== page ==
They think it’s all over… but is it?

The government have announced that all Covid and lockdown restrictions are being removed on the 19th July. It is ‘freedom day’ once more, but is this really a good idea? And will we ultimately see surging cases and more lockdowns.

I’m not a public health expert, so feel free to ignore what I say, but, I felt the need to have a look at the data for myself. I’ve found the reporting of the situation very confusing, with the media often discussing this as if it is a test of political will rather than a pandemic that cannot be influenced by ministers wishful thinking.

I find the decision to open up very worrying as cases continue to rise. On the 1st July (which is when the last confirmed government figures on case numbers are from) there were over 27,000 cases. The daily rate of cases has been steadily going up since the start of May (this is 62 days). I’ve looked at the equivalent period last autumn and cases reached a similar level on the 11th November. They only started to come down when we locked down. If we look at the two 62 day periods we can see a very similar pattern. In fact the speed of rising cases seems to be accelerating now more than it was then.

The government’s argument on this is (partially) that a new lockdown won’t be needed because eventually the curve will be flattened by the vaccine roll out. Maybe this is the case, but so far this doesn’t seem to be true.

More importantly the government’s argument is built on the idea that the vaccine has broken the link between cases and hospitalisations (and ultimately deaths and serious long-term consequences from Covid). If we look at the number of hospitalisations in the same 62 period, we can see that this seems to be the case (to some extent).

The number of hospitalisations is currently much lower and doesn’t seem to be rising at the same speed as it was in the autumn. Currently for every 78 new cases reported there is 1 new hospitalisation (based on the last 7 days of complete data). Back in November it was 1 new hospitalisation for every14 new cases, so this does suggest that the link has been broken to at least some extent (for now). On the other hand, the number of hospitilisations has doubled in the last 10 days, so it will be important to keep watching this.

So, it seems that we can expect to see rising case numbers and (more slowly) rising hospitalisations over the summer. We are basically back to a herd immunity strategy where the government is going to make no attempt to control the disease. One worry is that cases will reach such a high level that the number of hospitalisations (and ultimately deaths) will reach an unacceptable (even to government) level. Another is that this will create a two-tier society with those who are vulnerable to Covid increasingly unable to participate as the disease is everywhere. Another is the concern that the UK will become a ‘variant factory’ where mutations are free to emerge out of an enormous pool of Covid cases. And yet another worry is that the number of long Covid cases, particularly in unvaccinated groups like children, will continue to rise, creating long term health problems.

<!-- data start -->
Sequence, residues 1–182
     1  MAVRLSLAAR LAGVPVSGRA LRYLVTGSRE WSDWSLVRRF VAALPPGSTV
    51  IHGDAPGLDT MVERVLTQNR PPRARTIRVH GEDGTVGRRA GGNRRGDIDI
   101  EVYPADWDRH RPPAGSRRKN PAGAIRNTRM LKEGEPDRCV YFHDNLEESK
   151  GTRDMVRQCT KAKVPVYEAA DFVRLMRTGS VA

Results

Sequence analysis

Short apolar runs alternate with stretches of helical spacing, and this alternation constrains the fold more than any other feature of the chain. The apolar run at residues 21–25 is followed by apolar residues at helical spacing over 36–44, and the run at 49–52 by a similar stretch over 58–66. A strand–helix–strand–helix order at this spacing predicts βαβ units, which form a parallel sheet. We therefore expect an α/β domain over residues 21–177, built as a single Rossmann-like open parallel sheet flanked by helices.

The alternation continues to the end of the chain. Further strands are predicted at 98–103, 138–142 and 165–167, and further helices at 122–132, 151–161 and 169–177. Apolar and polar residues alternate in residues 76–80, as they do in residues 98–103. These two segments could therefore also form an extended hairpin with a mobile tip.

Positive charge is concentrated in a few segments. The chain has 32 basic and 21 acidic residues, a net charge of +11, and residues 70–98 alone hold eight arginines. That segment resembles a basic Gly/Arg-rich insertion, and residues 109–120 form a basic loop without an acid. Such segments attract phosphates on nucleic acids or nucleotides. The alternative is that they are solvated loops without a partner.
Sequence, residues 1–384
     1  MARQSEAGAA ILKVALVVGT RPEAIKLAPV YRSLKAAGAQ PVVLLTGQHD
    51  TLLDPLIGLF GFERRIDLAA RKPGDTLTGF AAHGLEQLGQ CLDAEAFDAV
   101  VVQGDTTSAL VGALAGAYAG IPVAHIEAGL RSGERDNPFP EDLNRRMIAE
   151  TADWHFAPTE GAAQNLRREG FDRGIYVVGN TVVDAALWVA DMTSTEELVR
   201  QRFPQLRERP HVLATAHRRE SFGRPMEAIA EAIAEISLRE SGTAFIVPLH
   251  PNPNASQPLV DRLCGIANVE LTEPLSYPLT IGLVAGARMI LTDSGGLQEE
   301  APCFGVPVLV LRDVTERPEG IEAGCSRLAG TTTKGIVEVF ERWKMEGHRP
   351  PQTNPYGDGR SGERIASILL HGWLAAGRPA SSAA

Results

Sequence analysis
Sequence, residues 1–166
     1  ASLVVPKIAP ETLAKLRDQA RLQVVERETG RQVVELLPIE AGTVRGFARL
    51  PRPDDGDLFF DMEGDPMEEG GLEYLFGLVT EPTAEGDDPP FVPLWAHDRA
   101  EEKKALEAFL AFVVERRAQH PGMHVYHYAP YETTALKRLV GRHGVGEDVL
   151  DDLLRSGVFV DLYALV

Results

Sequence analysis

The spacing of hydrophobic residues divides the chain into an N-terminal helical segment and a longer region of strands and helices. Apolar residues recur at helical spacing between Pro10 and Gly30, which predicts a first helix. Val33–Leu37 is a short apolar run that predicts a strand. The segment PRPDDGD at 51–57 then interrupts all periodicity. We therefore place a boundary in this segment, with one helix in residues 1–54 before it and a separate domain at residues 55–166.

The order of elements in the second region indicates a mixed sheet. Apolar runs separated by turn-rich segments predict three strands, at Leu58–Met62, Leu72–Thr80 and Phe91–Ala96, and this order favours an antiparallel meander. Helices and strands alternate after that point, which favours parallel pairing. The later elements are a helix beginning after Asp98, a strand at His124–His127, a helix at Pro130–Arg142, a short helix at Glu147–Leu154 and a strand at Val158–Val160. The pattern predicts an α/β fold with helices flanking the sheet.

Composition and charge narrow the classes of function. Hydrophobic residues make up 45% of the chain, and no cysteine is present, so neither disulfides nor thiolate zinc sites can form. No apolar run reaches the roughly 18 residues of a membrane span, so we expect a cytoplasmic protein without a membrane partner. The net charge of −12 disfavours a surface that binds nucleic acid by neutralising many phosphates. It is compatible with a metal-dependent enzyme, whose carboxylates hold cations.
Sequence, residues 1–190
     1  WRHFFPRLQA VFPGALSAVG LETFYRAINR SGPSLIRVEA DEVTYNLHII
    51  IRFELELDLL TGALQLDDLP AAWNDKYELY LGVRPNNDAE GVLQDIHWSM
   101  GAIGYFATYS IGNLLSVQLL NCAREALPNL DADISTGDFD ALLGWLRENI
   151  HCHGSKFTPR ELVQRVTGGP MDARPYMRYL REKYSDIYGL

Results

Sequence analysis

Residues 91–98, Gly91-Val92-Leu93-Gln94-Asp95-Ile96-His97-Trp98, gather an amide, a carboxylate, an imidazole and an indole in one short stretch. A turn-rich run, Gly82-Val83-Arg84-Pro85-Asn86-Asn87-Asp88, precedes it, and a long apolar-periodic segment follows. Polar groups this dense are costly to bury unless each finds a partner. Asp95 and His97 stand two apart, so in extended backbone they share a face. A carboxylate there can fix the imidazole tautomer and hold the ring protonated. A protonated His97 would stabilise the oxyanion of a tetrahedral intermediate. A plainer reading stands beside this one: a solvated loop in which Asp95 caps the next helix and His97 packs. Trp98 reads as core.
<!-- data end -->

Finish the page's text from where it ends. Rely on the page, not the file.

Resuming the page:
Basically, the government have decided to throw the dice and see what happens. They are hoping that cases eventually start to fall as we reach vaccine supported herd immunity and that an ‘acceptable’ number of people die. They are also hoping that if it all goes wrong they will escape any political blame as they seem to have done in relation to any of their previous (massive) mistakes around the mis-management of the pandemic.

Only time will tell as to whether this gamble will pay off…


  1. I’m not a scientist, but it seems that a proportion of vaccinated people still get infected, so our ‘variant factory’ is specifically within a largely vaccinated community. Doesn’t that seem to increase the risk of variants that can evade the vaccine-induced immunity?

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